Picture of the lonly mountain on Ceres taken by the Dawn space probe (Photo NASA/JPL-Caltech/UCLA/MPS/DLR/IDA)

NASA’s Dawn spacecraft is carrying out a mapping of the dwarf planet Ceres and with its camera is capturing extraordinary images better than those available so far, with a resolution of 140 meters (450 feet) per pixel. Among the geological features photographed there’s a mountain about 6 kilometers (4 miles) high that had already intrigued scientists and public because it looks like a pyramid and its sides are covered with brilliant material.

The Japanese space cargo ship HTV-5 Kounotori captured by the International Space Station's robotic arm (Image NASA TV)

A little while ago the HTV-5 “Kounotori” spacecraft was captured by the robotic arm Canadarm2 of the International Space Station, operated by Kimiya Yui assisted by Kjell Lindgren. The Japanese space cargo ship, which blasted off last Wednesday, is carrying food, water, scientific experiments, propellant and various hardware. After its capture, it will take a little while before the HTV-5 starts getting moved to its berthing location on the Harmony module.

X-ray view of the Milky Way center (Image ESA/XMM-Newton/G. Ponti et al. 2015)

An article published in the journal “Monthly Notices of the Royal Astronomical Society” describes a research about the central region of the Milky Way. Using ESA’s XMM-Newton X-ray space observatory, a team of scientists from the Max Planck Institute for Extraterrestrial Physics (MPE) led by Dr. Gabriele Ponti revealed the most intense processes going on at the center of the galaxy.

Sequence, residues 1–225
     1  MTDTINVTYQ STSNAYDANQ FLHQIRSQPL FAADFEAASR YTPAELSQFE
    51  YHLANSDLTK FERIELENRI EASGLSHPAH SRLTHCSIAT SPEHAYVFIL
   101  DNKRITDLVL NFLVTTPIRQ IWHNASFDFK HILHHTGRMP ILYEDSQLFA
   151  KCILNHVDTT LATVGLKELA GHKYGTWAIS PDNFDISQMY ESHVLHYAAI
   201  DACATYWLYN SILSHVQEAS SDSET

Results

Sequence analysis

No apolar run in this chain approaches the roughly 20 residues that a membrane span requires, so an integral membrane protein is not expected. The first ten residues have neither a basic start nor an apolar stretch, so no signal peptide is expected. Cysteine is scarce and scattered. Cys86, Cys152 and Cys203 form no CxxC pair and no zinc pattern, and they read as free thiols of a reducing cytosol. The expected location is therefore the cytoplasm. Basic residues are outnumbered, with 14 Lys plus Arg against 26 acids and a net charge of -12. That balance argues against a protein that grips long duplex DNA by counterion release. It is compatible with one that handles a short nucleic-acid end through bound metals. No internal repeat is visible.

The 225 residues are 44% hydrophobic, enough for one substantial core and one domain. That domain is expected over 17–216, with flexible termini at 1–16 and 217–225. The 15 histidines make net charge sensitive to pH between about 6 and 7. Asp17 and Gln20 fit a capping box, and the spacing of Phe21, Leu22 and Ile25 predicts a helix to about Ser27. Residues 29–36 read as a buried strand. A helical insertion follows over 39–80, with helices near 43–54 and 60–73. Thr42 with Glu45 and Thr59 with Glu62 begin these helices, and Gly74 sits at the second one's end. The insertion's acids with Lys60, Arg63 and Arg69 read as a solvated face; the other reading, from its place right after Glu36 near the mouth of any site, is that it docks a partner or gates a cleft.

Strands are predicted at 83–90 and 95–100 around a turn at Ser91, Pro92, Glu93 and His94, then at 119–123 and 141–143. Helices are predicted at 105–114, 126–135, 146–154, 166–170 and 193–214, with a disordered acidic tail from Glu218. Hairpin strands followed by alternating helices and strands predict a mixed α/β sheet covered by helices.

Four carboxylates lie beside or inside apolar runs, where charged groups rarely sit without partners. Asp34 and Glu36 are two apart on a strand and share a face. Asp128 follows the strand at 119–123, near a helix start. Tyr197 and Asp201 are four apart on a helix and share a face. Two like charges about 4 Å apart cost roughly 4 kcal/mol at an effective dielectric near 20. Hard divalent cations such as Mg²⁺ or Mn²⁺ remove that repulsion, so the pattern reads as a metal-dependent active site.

Examples of the fractures detected on the surface of the comet 67P/Churyumov-Gerasimenko (Image ESA/Rosetta/MPS for OSIRIS Team MPS/UPD/LAM/IAA/SSO/INTA/UPM/DASP/IDA)

While the comet 67P/Churyumov-Gerasimenko started moving away from the Sun, new studies have been published based on data collected over the past months. An article published in the journal “Geophysical Research Letters” describes the exam of the many fractures photographed after the arrival of ESA’s space probe Rosetta. Another article published in the journal “Annales Geophysicae” provides an explanation for the “song” of the comet discovered last year.

The InSight lander in its protective aeroshell during the test stage (Photo NASA/JPL-Caltech/Lockheed Martin)

NASA invited people around the world to participate in an initiative to send your name to Mars. You just need to record some data on the page prepared by the Agency on its website to get a virtual boarding pass. All names will be recorded on a microchip that will be transported on the InSight lander, which is scheduled to be launched in March 2016 to land on Mars in September 2016.